An interview with Richard Ward, the chief executive officer of Lloyd’s.

A moderniser: When Dr Richard Ward became CEO of Lloyd’s in 2006, he was tasked with the job of bringing it into the 21st century – not an easy task at an institution which dislikes change, and whose fingers had been burnt by the multi-million pound failure of Kinnect.

It was Ward’s success at modernising and in bringing together many divergent market participants at the London-based International Petroleum Exchange (IPE), re-branded ICE Futures, that secured him the job at Lloyd’s and has stood him in good stead for the task ahead.

The 51-year-old has been hard at work on reform. When he arrived, claims procedures produced so much paper that until recently, Lloyd’s was transporting about four tons of paper every day from London to Kent, some 50 miles away. By the end of 2007, Lloyd’s had reached its ambitious target of processing 90% of its claims electronically.

Customer claim-processing time in some classes of business was reduced by more than half, meaning customers were getting their money 50% faster than they were under the traditional manual process.

Q. Choose four adjectives to describe yourself.

A. Competitive, determined, flexible and questioning.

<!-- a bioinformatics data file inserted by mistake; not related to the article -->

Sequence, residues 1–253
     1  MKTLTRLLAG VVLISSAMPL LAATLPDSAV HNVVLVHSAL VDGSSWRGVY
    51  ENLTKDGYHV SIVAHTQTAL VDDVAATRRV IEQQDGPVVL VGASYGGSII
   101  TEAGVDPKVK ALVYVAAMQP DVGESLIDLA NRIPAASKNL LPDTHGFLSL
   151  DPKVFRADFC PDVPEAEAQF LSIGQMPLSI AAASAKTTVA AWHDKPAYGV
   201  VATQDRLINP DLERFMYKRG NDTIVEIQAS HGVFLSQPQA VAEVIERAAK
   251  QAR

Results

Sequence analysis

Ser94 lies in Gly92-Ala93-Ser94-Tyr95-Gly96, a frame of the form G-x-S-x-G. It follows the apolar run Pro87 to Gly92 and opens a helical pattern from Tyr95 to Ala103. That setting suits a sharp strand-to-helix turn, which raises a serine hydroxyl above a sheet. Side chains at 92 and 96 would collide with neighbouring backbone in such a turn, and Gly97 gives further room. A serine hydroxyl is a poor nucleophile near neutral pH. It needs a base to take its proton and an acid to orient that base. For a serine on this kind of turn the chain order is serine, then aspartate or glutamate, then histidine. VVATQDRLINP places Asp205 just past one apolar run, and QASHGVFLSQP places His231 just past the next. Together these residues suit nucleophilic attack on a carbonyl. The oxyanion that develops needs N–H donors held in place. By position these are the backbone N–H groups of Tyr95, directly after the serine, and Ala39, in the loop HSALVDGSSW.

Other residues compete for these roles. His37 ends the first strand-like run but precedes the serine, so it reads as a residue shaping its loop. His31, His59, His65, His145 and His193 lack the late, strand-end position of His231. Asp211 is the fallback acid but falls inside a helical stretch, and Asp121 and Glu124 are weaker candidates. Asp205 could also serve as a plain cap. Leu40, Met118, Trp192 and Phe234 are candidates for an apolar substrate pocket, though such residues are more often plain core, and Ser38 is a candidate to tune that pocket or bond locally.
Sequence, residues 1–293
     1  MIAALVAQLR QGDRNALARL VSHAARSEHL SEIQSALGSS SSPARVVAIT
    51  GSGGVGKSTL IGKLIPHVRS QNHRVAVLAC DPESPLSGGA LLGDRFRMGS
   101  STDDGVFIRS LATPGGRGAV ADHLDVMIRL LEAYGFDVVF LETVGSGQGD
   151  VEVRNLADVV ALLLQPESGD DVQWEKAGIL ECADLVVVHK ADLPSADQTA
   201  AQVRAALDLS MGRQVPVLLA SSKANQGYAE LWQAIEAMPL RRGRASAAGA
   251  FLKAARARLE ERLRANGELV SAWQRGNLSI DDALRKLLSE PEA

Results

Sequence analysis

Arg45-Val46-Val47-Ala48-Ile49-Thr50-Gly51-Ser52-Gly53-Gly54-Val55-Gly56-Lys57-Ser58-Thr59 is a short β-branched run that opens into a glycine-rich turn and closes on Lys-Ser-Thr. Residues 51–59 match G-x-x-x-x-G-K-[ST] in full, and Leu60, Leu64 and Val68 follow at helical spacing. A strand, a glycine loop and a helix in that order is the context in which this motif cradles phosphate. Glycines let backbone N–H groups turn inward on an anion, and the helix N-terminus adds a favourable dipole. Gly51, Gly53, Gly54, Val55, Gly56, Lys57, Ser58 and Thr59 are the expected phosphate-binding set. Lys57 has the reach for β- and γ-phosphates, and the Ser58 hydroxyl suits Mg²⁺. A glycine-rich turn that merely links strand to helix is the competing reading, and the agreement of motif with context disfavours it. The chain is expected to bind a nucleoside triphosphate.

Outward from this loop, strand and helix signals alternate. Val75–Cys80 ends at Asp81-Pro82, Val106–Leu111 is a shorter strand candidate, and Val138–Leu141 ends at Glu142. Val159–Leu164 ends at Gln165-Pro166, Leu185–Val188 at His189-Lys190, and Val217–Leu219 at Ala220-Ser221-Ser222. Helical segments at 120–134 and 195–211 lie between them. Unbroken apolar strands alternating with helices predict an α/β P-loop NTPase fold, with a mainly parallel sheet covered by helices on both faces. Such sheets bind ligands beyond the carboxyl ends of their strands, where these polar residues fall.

Q. Which historical figure do you most admire and why?

A. Einstein. The simplicity of E=MC2 is pure genius.

Q. Who in this industry do you most admire and why?

A. Warren Buffett – for doing the Equitas deal.

Q. Outside of this industry, what issue are you most passionate

about?

A. Education.

Q. What qualities do you most admire in other people?

A. Commitment, loyalty, intelligence and humour.

Q. What qualities do you most dislike?

A. Intolerance and inflexibility.

Q. What do you know now that you wish you had known when you started in this industry?

A. I wish I had understood all of the jargon. There is still far too much in the industry.

Q. What was the last thing that completely surprised you?

A. The price of a cup of coffee in Monte Carlo.

Q. How do you unwind at the end of the day?

A. I spend time with my family – reading to my four-year-old son.

Q. What motivates you on a Monday morning?

A. Coffee and the challenges of my job.

Q. Whose job would you most like to have and why?

A. Ben Ainslie who is just about to helm the UK’s yacht in the America’s Cup Challenge.

Q. What is your biggest regret?

A. Not having learned a musical instrument.

Q. What are you most proud of having achieved?

A. Getting my PhD.

Q. What factors have enabled you to get where you are today?

A. Luck, timing, preparation and the support of my family. I am also indebted to my professor at Exeter University, Alan Leadbetter, who inspired and supported me through my PhD.

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